Chapter 1 – Introduction to Communication and Communication Theory in Nursing
Conflict is a variance in perceptions and opinions that involves a perceived or actual threat.
It is important to avoid thinking of threat as an intention to inflict physical harm or pain upon someone. Rather, consider threat as an unfavourable situation and force that may adversely affect you.
Threat is embedded in conflict because a person’s perception or position quickly becomes part of who they are (i.e., their self concept) and as such, an opposition to this perception is considered “a threat to self” (De Dreu & van Knippenberg, 2005, p. 345). A perceived threat or an actual threat happens with conflict because you perceive that something/someone is challenging your beliefs or needs and may affect your sense of self or the relationship you have with them.
Have you ever perceived a threat when having a difference of opinion or disagreed with someone else? Have you felt a sense of threat in a setting where there are deeply engrained power dynamics? Have you been engaged in a class discussion where you had a different way of seeing things than another person? Have you had a concern about a university/school’s policy? Have you received a grade on a paper from a professor and you did not agree with it? You may feel worried to speak up about an issue because the other person has a different perspective than you. You may fear that if you speak up, they will think you are ignorant or that it may affect your relationship with them.
These are all examples of conflict, and are associated with a perceived threat or actual threat.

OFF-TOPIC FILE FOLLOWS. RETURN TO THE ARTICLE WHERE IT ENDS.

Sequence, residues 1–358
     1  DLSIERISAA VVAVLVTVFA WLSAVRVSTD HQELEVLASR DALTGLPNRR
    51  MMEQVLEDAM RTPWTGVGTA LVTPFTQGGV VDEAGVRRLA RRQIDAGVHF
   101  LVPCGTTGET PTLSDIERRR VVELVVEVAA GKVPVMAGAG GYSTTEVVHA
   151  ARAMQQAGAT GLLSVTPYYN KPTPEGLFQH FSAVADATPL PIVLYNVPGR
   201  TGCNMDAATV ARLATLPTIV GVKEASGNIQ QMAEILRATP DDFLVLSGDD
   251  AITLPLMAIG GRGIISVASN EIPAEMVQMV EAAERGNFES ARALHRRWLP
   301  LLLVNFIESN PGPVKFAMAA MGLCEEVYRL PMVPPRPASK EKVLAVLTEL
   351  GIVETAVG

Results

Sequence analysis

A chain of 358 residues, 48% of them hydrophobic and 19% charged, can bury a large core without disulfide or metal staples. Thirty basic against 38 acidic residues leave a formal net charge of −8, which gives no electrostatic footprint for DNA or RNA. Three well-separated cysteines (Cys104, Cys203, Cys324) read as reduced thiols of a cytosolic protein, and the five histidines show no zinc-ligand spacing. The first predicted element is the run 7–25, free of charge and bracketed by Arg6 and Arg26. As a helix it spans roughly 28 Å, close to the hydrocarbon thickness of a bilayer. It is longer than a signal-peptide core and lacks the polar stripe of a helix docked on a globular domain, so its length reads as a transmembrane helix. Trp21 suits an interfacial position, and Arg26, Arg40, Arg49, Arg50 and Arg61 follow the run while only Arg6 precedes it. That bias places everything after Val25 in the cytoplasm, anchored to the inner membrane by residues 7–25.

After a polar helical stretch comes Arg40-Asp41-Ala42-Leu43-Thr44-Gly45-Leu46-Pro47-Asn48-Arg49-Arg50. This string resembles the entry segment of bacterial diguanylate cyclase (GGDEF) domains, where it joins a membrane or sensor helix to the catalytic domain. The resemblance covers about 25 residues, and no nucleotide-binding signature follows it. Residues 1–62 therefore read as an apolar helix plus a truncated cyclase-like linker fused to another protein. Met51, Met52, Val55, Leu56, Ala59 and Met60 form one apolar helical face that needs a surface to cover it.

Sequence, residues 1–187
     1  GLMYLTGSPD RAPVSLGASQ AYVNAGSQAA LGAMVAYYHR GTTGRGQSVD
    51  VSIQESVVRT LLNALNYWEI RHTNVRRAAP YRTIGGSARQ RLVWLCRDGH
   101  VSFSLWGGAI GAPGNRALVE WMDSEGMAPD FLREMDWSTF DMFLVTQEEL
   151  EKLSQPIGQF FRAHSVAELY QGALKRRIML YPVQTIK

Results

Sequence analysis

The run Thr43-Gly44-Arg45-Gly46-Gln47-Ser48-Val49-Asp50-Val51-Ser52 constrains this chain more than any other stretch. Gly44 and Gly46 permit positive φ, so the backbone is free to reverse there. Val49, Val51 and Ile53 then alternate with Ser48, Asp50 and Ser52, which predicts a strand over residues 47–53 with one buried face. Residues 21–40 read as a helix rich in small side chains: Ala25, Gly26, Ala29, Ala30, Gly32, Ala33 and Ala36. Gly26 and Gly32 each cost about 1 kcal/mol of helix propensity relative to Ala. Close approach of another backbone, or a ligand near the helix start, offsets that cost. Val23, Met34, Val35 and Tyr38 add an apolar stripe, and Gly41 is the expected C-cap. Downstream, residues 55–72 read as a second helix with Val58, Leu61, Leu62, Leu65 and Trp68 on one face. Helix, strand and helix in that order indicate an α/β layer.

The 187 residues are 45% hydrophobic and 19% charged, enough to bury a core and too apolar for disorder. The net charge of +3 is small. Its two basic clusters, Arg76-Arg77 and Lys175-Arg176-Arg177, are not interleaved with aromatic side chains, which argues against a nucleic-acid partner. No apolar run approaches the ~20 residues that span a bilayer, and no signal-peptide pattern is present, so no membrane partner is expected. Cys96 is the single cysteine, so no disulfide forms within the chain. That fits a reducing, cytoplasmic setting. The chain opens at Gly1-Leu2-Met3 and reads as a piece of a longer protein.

Conflict can trigger strong emotions and has the potential to negatively affect how you respond and how you communicate.
Consider how you have responded to conflict in the past. Did you ignore or avoid the conflict? Did you take the disagreement personally? Did you engage in intense and relentless argument? Have you ever not addressed it with the person, but instead posted on social media or gossiped to a friend or peer? These are all ineffective ways to deal with conflict because it never resolves the problem – the conflict.
It is important to understand and address conflict as it is a part of any relationship including those in the educational and professional settings. There is the possibility that you can transform how you perceive conflict, and thus, how you address conflict – this is the positive lens of conflict.
The positive lens of conflict
A starting point is to transform how you view conflict. Have you ever considered viewing conflict from a positive lens? Conflict suggests that you have an opinion that you hold as meaningful or important. In itself, this is a good thing. It can be beneficial to approach conflict as an opportunity. You can learn and grow by truly listening to another person’s view and sharing your own. Part of this is seeking to understand what the perceived threat is for you and for the other person(s). If approached professionally, this sharing can help you feel good that you have shared your opinion, why it matters to you, and participated collaboratively and respectfully to manage the conflict. Additionally, by learning and growing while engaging professionally with another person, this can sometimes create a connection that cultivates your relationship with them. It can also add to a positive resolution related to the conflict with the potential for creative and divergent thinking.
De Dreu, C., & van Knippenberg, D. (2005). The possessive self as a barrier to conflict resolution: Effects of mere ownership, process accountability, and self-concept clarity on competitive cognitions and behavior. Journal of Personality and Social Psychology, 89(3), 345-357. https://doi.org/10.1037/0022-35188.8.131.525